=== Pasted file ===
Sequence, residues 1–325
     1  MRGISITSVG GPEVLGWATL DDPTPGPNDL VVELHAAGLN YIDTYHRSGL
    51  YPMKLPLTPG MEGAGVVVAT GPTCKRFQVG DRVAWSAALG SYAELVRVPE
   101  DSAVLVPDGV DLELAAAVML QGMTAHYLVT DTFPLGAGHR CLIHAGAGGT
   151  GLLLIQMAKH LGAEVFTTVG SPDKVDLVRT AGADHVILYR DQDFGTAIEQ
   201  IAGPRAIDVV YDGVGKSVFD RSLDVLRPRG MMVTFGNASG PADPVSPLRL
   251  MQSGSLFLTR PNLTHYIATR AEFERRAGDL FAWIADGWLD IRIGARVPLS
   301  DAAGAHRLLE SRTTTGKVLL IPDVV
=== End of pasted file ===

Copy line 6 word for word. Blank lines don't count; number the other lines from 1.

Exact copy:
   201  IAGPRAIDVV YDGVGKSVFD RSLDVLRPRG MMVTFGNASG PADPVSPLRL